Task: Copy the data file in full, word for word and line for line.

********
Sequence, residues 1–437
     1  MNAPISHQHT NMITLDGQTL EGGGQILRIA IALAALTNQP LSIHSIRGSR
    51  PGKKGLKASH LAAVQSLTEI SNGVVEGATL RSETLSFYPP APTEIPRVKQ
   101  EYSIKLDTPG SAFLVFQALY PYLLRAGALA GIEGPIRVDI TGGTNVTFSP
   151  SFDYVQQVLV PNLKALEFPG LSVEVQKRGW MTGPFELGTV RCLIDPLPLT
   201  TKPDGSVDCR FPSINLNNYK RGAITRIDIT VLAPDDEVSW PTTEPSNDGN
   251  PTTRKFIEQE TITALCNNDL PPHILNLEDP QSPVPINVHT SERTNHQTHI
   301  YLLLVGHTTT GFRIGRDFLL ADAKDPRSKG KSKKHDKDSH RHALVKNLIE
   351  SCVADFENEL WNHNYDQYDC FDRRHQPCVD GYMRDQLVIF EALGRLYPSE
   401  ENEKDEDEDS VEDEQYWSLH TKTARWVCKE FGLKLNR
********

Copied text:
Sequence, residues 1–437
     1  MNAPISHQHT NMITLDGQTL EGGGQILRIA IALAALTNQP LSIHSIRGSR
    51  PGKKGLKASH LAAVQSLTEI SNGVVEGATL RSETLSFYPP APTEIPRVKQ
   101  EYSIKLDTPG SAFLVFQALY PYLLRAGALA GIEGPIRVDI TGGTNVTFSP
   151  SFDYVQQVLV PNLKALEFPG LSVEVQKRGW MTGPFELGTV RCLIDPLPLT
   201  TKPDGSVDCR FPSINLNNYK RGAITRIDIT VLAPDDEVSW PTTEPSNDGN
   251  PTTRKFIEQE TITALCNNDL PPHILNLEDP QSPVPINVHT SERTNHQTHI
   301  YLLLVGHTTT GFRIGRDFLL ADAKDPRSKG KSKKHDKDSH RHALVKNLIE
   351  SCVADFENEL WNHNYDQYDC FDRRHQPCVD GYMRDQLVIF EALGRLYPSE
   401  ENEKDEDEDS VEDEQYWSLH TKTARWVCKE FGLKLNR